FIG. 3 is a simplified block diagram of signal pathways of the TWS utilizing the present invention. The operator removes the lens cap 31 and as indicated in the figure the act of doing this applies electrical power to every component of TWS that needs power, i.e., the signal processor 33, the detector 34, the scanner 35 and the thermal cooler 37 all obtain power from battery 30. Note that removing the lens cap does not alter the brightness control (part of display component 38) and for this reason the brightness control has the value it had the last time the TWS system was used and this is a good first estimate for a brightness control setting. In use the operator looks through eye-piece 39 at the display 38 and if necessary suitably adjusts focus controls on fore-optics 32 of optics 36 to bring the subject in focus and if necessary makes further contrast and brightness adjustments on the display 38. The operator then searches for a target, supplies appropriate mechanical force to bring the cross hairs on the target and fires the weapon.
While this invention has been described in terms of preferred embodiment consisting of utilization on a TWS, those skilled in the art will recognize that the invention can be practiced with modifications with the spirit and scope of the appended claims.
|Cited Patent||Filing date||Publication date||Applicant||Title|
|US4441799 *||May 3, 1982||Apr 10, 1984||Olympus Optical Co., Ltd.||Camera with a lens protective cover|
|US5408359 *||Sep 20, 1993||Apr 18, 1995||The United States Of America As Represented By The Secretary Of The Army||Visual security eyecup|
|US5525970 *||Apr 12, 1994||Jun 11, 1996||The United States Of America As Represented By The Secretary Of The Army||Safety system and technique for multi-aperture optical systems|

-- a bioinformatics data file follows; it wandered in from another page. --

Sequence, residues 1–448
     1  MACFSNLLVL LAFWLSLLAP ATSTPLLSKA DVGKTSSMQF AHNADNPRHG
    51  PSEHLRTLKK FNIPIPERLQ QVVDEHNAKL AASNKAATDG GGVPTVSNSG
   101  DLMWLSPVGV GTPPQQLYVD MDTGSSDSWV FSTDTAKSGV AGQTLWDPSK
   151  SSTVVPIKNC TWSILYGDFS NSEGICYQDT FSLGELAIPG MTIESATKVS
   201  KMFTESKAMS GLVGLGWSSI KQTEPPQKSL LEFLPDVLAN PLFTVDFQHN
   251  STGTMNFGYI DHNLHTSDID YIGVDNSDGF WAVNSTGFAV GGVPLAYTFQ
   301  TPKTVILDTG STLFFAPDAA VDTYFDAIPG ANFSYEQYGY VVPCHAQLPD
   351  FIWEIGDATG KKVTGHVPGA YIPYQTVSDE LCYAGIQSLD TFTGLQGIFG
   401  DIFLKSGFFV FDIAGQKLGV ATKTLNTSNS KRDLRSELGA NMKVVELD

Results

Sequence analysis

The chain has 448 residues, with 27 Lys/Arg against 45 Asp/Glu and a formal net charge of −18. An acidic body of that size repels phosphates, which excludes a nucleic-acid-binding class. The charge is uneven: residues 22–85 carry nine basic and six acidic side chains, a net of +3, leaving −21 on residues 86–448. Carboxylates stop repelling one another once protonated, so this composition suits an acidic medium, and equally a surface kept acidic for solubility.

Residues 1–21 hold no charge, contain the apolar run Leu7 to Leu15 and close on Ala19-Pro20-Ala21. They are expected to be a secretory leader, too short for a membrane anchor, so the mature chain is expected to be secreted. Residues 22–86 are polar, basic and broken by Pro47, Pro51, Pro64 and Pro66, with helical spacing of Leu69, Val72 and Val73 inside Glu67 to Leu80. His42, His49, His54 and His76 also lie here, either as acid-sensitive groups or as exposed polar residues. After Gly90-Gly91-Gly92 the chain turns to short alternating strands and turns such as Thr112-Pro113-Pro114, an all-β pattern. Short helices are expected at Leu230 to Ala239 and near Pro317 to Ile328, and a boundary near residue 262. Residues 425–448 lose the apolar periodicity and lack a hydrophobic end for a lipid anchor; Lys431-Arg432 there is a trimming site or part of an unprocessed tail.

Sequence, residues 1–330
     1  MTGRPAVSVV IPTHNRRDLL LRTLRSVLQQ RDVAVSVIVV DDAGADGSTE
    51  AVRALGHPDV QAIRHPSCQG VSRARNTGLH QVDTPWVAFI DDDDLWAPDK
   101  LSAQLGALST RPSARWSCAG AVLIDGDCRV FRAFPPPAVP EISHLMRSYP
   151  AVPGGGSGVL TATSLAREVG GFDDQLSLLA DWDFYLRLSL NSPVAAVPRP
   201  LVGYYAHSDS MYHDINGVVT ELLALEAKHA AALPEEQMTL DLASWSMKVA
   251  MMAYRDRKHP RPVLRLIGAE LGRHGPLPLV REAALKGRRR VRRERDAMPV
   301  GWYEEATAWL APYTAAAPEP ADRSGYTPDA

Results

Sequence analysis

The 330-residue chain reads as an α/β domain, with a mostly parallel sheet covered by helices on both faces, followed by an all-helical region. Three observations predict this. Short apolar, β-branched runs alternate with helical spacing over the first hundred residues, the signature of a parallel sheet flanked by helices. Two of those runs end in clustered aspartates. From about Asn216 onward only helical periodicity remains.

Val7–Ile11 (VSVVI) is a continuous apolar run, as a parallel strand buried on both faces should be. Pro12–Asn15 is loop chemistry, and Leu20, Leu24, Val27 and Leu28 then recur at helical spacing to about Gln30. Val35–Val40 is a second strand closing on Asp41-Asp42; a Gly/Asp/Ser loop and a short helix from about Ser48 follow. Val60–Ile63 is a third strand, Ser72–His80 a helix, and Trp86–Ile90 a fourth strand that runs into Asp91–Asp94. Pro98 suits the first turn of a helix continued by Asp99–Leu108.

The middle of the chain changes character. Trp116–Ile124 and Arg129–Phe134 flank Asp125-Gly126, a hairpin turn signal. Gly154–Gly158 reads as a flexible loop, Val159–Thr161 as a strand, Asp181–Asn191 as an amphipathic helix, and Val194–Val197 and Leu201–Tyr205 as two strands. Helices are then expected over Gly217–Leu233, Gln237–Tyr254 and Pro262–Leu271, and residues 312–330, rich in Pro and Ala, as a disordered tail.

|US5661598 *||Nov 10, 1994||Aug 26, 1997||Nikon Corporation||Optical instrument|
|EP0043133A1 *||Jun 29, 1981||Jan 6, 1982||Olympus Optical Co., Ltd.||Light source unit for an optical apparatus|
|Citing Patent||Filing date||Publication date||Applicant||Title|
|US6416189 *||Sep 26, 2000||Jul 9, 2002||Christopher Michael Watson||Water-resistant, scope shade attachment apparatus|
|US6570621||May 21, 2001||May 27, 2003||Hewlett-Packard Development Company, L.P.||Lens cap detection|
|US6799854||Jun 20, 2003||Oct 5, 2004||Steiner-Optik Gmbh||Binoculars, telescope or the like with protective lens cap articulated to the front of the lens|
|US7106369 *||Aug 17, 2001||Sep 12, 2006||Hewlett-Packard Development Company, L.P.||Continuous audio capture in an image capturing device|
|US7273283 *||Jan 7, 2005||Sep 25, 2007||Coretronic Corporation||Method and apparatus for an anti-melt projection lens cap|
|US20030035055 *||Aug 17, 2001||Feb 20, 2003||Baron John M.||Continuous audio capture in an image capturing device|
|US20050151933 *||Jan 7, 2005||Jul 14, 2005||Coretronic Corporation||Method and apparatus for an anti-melt projection lens cap|
|CN101114110B||Jul 27, 2006||May 12, 2010||中强光电股份有限公司||Lens cap device|
|DE10201515A1 *||Jan 17, 2002||Aug 7, 2003||Steiner Optik Gmbh||Telescope has a lens cap which is positioned between the lens edge and a hinge with a horizontal axle and can be used by rotating upwards|
|DE10201515B4 *||Jan 17, 2002||Nov 2, 2006||Steiner-Optik Gmbh||Fernglas oder Teleskop mit einer an der Objektiv-Vorderseite angelenkten Objektiv-Schutzkappe|
|U.S. Classification||359/511, 359/600|
|Cooperative Classification||H04N5/23241, H04N5/2251, G03B11/043, G02B23/12|
|Apr 16, 2002||REMI||Maintenance fee reminder mailed|
|Sep 30, 2002||LAPS||Lapse for failure to pay maintenance fees|
|Nov 26, 2002||FP||Expired due to failure to pay maintenance fee|
Effective date: 20020929